Also side note but was still annoying. The book focuses on magic and says that the enchanters are able to draw on only Russian magic. Each country has it’s own “well” let’s say, so you can’t steal it from other countries cos it wouldn’t answer to you. There’s a limited amount of magic in the “well” and so there can’t be two enchanters using it up, hence why the The Crown’s Game exists. Okay makes sense. However throughout the book they mention that the magic only exists when people believe it does. So when the game commences why does NO ONE believe in magic? Everything that is done throughout the Game the general public are confused by and dismiss as trickery etc. How can magic even exist in Russia if no-one believes in it? I know its a minor detail but the public’s reactions to the game is mentioned a lot, so its one of those plot holes you are reminded of over and over.

That said I did like the twist at the end, I did like the beautiful descriptions of the city and the magic and lord I would sit on them benches all damn day. I think this book however is too light and fluffy and lacking in the conflict, tension and threat of death that was promised.

 

 

Book Review – Broken Moon by Sarah Beth Moore

Synopsis

“What if you discovered human souls are real, but about to become extinct … and you were the only one who could stop it?

Living a thousand feet above the ground in metal slums piled upon the detritus of decades, Naiya Barrigan makes a decent living culling through the wreckage of 21st century humanity and selling what she finds to the highest bidder.

But that doesn’t mean life is perfect: demonic guards stalk the streets, mothers owe their firstborn children to the authoritarian Party, and Naiya’s pregnant sister has just turned up bone-thin, childless and dead.

This disturbing incident kicks off other revelations, such as Naiya’s membership in the ancient family line that oversees the link between the mortal world and Terminus, where souls await rebirth between lives. Unfortunately, the Party has discovered this too, and soon Naiya is on the run.

For help she has only a numbers-obsessed, slightly autistic brainiac, a hulking spy from the outside and an adopted brother toward whom she feels anything but sisterly. In a city fast becoming a death trap, she must figure out how to use the newfound magic she doesn’t even want and escape the place she’s always called home.

Elements of horror, urban fantasy and theology intertwine in this fast-paced adventure, culminating in a revelation that will haunt Naiya for the rest of her life … though her journey is far from over”

Book Review

Disclaimer: I was sent an eARC by the author in exchange for an honest review.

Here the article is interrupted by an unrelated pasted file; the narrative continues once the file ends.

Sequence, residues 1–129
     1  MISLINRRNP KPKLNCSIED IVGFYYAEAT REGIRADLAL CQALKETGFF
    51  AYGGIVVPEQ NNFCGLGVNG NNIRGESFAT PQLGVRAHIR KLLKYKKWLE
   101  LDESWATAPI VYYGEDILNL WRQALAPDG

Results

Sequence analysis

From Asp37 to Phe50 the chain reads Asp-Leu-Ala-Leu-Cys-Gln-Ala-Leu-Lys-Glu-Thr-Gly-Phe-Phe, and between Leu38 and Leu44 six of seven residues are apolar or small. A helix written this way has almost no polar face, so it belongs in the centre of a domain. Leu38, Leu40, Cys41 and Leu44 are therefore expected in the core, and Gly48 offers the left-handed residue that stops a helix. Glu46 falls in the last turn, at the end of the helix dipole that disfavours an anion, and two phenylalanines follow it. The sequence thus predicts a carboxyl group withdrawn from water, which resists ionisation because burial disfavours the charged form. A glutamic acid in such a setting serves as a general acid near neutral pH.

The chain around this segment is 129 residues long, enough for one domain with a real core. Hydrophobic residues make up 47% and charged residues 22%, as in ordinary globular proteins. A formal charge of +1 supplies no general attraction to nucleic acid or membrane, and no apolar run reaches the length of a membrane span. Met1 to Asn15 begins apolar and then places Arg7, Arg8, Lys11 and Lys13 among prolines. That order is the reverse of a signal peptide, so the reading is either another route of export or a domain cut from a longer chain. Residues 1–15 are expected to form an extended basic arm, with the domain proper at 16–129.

I went into reading this book without having an idea what to expect having not read the synopsis or any other reviews before I started reading. I think this was a good thing as when you start reading it becomes clear the author has no intention of explaining anything immediately. The resulting effect for me was feeling like I was thrown into a world that the character was at home in but that I didn’t understand that well. However I do think this approach works well for a dystopian fantasy like Broken Moon. There was a lot Naiya doesn’t understand or know and so the reader has to learn with her. 

I think Naiya is a strong female lead but I think the other characters are less developed. Enoch is only mainly interesting because of how Naiya feels about him, he doesn’t really do much else. Her younger brother Pip was developed a bit more and I thought his interesting background would be included in the story, but it seems to have been just left for the time being. While I appreciate not being spoon-fed all the information I did find at time this book to be annoyingly vague. There was a lot of times when I felt information could have easily been given by characters, particularly Naiya’s adoptive father, that just wasn’t. The reasoning to me was flimsy and I don’t think it helped the plot to know so little.

As the story progressed I felt the book was dealing with a lot of different themes and I think at times this book felt disjointed. It was jarring for me to be reading about a post apocalyptic city with such a strong theological/metaphysical underpinning. There was also fantasy/magical elements with Naiya and her powers, the young adult/romance stuff between Naiya and Enoch. I would say this book was definitely unique, there was a little bit of everything, but it felt at times erratic. 

The ending for me made me was very abrupt. I thought I was going to get my questions answered but I felt like this book was building towards something and then stopped short. It was clear to me at this point the book was setting up for a sequel so leaves a lot of things unanswered. This book feels like a beginning, the author does a substantial amount of world building, but I have a feeling Broken Moon has only just scratched the surface of the story she intends to tell.